Tag: Black Lives Matter

walter-scott

In my lifetime I have killed hundreds of roaches. It never bothered me. Those critters are beneath me so I never saw a problem with killing them or felt that I should face consequences when I did so. This is precisely what is happening with the Walter Scott case today. Walter Scott was killed by a policeman who fired eight shots at him as he was running away from the officer. It was all caught on camera. Still, the jury will not convict the murderer–who is White–because it bothers the hell out of some people to think that the life of a Black man is on par with a White man. To the White supremacist, killing a roach and killing a “nigger” are not too far different. That is what this trial is about.

law enforcement

 

At the core of the nation’s struggle between law enforcement and police reform is the issue of race. The issue is largely black and white, quite literally. With each police shooting race flares; routinely the broad cry of “racial reconciliation” surfaces in some form  as a solution to the specific problem of policing. But the rift between black communities and law enforcement cannot be solved in that way. Racial reconciliation between blacks and whites–including largely white power structures like law enforcement– in America is simply not possible and time wasted. To “reconcile” means to make friendly again. Reconciliation requires us to have been friends, have a falling out and then get back together. In the American context, when were blacks and whites ever friends? If we are to make progress on the issue of race and ultimately police reform, we must scrap the quest for reconciliation and chart a completely new course.

police-shooting-louis_chic-5

Philando Castile was shot dead not long after Alton Sterling. I’m angry but not towards white people or the millions that will (predictably) justify murdering these two men. I’m angry because black people are not angry enough to make a change. Our anger is sufficient to vent on social media and perhaps protest, although deep down we know it won’t change a damn thing. But are we angry enough to sacrifice and radically alter our lives for freedom? Are we angry enough that every move we make and dollar we spend will be toward black power? If not, shut the hell up and go back to watching Hulu.

Sanford police officer Timothy Smith holds up the gun that was used to kill Trayvon Martin, while testifying in the 15th day of the George Zimmerman trial, in Seminole circuit court in Sanford, Fla., Friday, June 28, 2013. Zimmerman is accused in the fatal shooting of Trayvon Martin.

George Zimmerman’s gun auction should make clear what value America places on black life. It isn’t just that we don’t value it but that we place monetary value on ending it. This has been true for a long time. It was true in 1955 when Emmitt Till’s killers were paid $4,000 for telling their tale of cold-blooded murder to Look magazine just four months after their acquittal. That acquittal by an all-white jury took only 67 minutes; one juror even said, “If we hadn’t stopped to drink pop, it wouldn’t have taken that long.” George Zimmerman’s trial at least had the appearance of legitimacy but the aftermath is eerily similar and every bit as painful as the Emmitt Till ordeal. Zimmerman is set to make hundreds of thousands from the sell of the gun he used to kill Martin, much like Till’s killers were paid for their story. Different decades, similar results– that should terrify us enough to act.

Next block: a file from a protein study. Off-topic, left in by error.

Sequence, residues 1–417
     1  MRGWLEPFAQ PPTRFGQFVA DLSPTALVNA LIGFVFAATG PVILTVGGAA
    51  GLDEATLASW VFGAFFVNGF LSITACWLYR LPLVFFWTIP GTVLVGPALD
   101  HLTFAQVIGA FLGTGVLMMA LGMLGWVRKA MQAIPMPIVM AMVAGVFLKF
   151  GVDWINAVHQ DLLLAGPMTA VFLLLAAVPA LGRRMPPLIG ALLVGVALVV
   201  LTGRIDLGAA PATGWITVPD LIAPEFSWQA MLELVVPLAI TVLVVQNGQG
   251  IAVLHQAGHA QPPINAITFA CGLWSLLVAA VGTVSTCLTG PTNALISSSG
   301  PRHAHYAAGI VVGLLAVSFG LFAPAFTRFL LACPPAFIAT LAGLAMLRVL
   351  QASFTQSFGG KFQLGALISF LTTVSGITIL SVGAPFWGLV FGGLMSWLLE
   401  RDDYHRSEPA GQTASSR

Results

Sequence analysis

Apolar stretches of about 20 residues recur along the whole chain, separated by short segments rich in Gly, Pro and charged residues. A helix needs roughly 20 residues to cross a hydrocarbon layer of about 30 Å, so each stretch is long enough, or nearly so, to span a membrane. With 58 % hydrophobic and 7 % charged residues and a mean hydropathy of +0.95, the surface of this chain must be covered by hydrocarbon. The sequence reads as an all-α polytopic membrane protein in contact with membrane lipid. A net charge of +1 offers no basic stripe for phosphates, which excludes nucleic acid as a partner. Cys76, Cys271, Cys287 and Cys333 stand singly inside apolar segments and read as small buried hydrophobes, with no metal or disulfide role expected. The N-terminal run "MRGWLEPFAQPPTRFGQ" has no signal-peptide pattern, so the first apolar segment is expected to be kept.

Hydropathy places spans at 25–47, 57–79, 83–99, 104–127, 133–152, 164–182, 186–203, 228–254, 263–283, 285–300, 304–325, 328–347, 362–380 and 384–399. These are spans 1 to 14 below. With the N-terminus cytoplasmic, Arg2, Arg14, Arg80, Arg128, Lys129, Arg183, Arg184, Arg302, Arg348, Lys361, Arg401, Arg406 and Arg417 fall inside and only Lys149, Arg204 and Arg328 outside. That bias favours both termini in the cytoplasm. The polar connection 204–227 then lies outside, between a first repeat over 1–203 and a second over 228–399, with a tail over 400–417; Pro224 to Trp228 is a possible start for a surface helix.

black votes matter

The Democrats hosted their first candidate debate on October 13th and until today, I hadn’t watched it. Why? I sort of already knew the script. I could have told you that we’d hear about guns, commitment to LGBT rights, the middle class and perhaps “Black Lives” mixed in somewhere. That’s about what happened. The message I received was pretty straightforward: the only test acknowledged this cycle for securing black votes is the ability to recite a hashtag. After that, candidates need only return to the business of white affairs and they knew it.

** Archival Photo Courtesy of The Denver Public Library ** 
[Original Caption] Civil rights activists march with political leaders, including Denver mayor Wellington Webb and Colorado Gov. Roy Romer, center, during a parade through Denver marking Martin Luther King Day in 1990. 

(Photo courtesy The Denver Public Library)

I was excited to see the movie Selma when it came out. Popcorn in hand, I sat down and anxiously waited for the endless previews to conclude. The movie was brilliant. I was moved by the meticulous attention to detail and the powerful narratives of suffering and triumph. As I continued to watch, however, I became disturbed. Many of the themes and challenges portrayed in the movie were identical to those we wrestle with today.